Stop That Photo Thief!

socialmedia 

Sometimes you don’t want your images spread on the Internet without your permission. This has been a ever-increasing issue with photographers as social media keeps getting bigger and better. The two types that seem to be the most popular photos are; the embarrassing photos someone took of you or stole from you and artistic or creative photos you took yourself and don’t want anyone else to use. In either case, removing a picture from the Internet can prove difficult. However, there are a few actions you can take to get the photo removed.

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Asking for Removal

Start by contacting the person who posted your photo without permission. You may personally know the person or it’s possible that the person found the picture online, saved it to his hard drive and uploaded it onto his own site. Find the name and contact information of the poster, alert him to the problem and ask him to remove the photo. Give him a timeline, like two days or a week, and tell him that you will take further action after that date. If the person is reasonable, simply asking may take care of the problem.

Contact the Host

While this doesn’t apply to all cases of posted images, you may be able to ask the website host to remove the image if the person who posted it doesn’t comply. For example, if a person posted your photo on a social media site and ignores or refuses your request to remove the photo, contact the social media site and explain the problem. In the case of artistic photos that don’t include an image of yourself, it helps if you can prove that you’re the original photographer with copyright on the image by pointing the site to your own dated posting of the image.

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Legal Recourse

The Digital Millennium Copyright Act (DMCA) protects American copyright holders of digital images. If you file a formal DMCA file with the Internet provider, rather than simply contacting them through their customer service, you may be more likely to see results. You will need to prove that the image in question is yours, so having copyright protection in place ahead of time will expedite the process. Be aware that should you continue to pursue the issue, you may have to take it to court if you can’t prove ownership of the image in question.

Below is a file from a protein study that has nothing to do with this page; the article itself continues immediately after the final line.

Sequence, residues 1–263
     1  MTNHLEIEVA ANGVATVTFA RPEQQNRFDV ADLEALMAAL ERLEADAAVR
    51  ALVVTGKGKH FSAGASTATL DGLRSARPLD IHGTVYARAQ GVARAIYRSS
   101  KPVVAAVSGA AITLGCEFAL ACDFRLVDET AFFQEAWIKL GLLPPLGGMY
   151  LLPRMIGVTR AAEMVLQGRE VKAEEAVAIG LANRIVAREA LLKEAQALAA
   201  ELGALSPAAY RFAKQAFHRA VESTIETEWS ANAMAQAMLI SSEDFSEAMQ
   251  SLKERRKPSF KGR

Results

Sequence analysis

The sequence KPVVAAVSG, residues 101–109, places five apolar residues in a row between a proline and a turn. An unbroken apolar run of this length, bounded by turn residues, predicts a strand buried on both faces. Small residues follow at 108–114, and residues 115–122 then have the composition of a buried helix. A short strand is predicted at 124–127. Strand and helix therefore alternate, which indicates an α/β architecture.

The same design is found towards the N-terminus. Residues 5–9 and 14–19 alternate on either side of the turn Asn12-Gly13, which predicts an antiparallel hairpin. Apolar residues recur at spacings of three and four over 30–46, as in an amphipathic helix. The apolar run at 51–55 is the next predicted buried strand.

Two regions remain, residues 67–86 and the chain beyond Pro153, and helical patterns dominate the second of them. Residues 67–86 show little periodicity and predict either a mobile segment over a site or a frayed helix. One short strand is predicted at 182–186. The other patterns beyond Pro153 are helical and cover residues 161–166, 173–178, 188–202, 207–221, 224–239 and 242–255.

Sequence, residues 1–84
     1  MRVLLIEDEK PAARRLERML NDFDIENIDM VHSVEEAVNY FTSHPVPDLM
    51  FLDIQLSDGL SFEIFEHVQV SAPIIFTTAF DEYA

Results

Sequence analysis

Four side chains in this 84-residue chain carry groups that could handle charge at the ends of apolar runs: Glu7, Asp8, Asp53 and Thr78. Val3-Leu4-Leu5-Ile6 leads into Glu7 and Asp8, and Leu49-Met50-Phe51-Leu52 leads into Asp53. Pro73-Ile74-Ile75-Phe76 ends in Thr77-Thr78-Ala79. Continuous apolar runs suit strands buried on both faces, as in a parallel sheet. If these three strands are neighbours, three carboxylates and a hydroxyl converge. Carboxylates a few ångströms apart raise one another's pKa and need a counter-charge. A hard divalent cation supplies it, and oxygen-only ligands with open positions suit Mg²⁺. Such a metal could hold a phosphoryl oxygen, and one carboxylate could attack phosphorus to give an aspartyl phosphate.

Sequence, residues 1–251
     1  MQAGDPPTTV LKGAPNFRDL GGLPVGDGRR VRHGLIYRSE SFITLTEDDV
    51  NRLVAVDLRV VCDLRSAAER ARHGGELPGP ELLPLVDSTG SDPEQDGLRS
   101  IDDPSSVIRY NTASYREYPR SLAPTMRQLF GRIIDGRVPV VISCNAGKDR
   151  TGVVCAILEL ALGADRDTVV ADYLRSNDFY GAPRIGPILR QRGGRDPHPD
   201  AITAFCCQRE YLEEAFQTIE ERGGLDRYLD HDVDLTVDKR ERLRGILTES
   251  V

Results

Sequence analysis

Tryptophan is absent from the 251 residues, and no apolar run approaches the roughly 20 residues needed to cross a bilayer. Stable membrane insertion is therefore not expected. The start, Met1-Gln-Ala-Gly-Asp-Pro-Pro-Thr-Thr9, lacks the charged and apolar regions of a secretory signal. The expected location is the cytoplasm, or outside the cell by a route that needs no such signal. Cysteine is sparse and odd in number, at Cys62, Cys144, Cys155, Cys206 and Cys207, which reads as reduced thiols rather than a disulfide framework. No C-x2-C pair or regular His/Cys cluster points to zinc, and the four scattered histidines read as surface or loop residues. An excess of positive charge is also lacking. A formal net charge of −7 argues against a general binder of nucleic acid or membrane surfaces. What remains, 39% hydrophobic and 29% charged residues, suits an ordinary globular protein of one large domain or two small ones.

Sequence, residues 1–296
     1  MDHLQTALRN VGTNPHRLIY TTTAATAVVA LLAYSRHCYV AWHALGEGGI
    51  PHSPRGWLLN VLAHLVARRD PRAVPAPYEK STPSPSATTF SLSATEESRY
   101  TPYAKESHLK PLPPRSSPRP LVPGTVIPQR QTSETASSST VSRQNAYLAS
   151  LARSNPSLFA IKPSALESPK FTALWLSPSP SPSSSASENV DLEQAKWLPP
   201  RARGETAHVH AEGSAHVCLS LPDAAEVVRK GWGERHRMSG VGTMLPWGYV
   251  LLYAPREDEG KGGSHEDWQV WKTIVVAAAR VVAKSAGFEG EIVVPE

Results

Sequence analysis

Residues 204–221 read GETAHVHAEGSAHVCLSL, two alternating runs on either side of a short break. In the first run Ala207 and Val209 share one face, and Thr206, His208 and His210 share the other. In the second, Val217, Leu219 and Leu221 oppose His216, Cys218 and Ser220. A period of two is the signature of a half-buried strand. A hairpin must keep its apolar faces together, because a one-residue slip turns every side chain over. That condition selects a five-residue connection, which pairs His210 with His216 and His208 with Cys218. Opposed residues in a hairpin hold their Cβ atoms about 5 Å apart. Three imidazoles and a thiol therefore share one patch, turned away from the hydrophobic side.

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Avoiding the Problem

When it comes to photos of you, don’t do embarrassing things in front of people that you don’t know well. Don’t upload pictures that might prove embarrassing, either. Even if you quickly delete them, someone may have stolen the image in the meantime. For artistic photos for which you want full credit, file for copyright with the U.S. copyright office as soon as you post the image or even sooner. This will prove key in any legal action you decide to take.

By: Jillian Hayes (aka AtlCanonGirl)

Resources:

United States Copyright Offices. Web. 1 Dec 2012


Contact information for the Hosts of One Hour Photo Show:

Twitter: AtlCanonGirl

Twitter: OneHourPhoto

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One Hour Photo is a weekly radio show that is on live every Wednesday at 1 p.m. est. on www.ArmadaFM.com

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Co-Host Anderson Smith Photography

One thought on “Stop That Photo Thief!

  1. I wanted to add that you are able to do a reverse image search to see if your photos are stolen and placed somewhere else on the web. Go to google and click the image tab, then click the camera inside the search bar (it appears on the right when you hover your curser over the address bar. There you can upload the photo or give the URL, and google will search for the image over the entire internet. This service is awesome!

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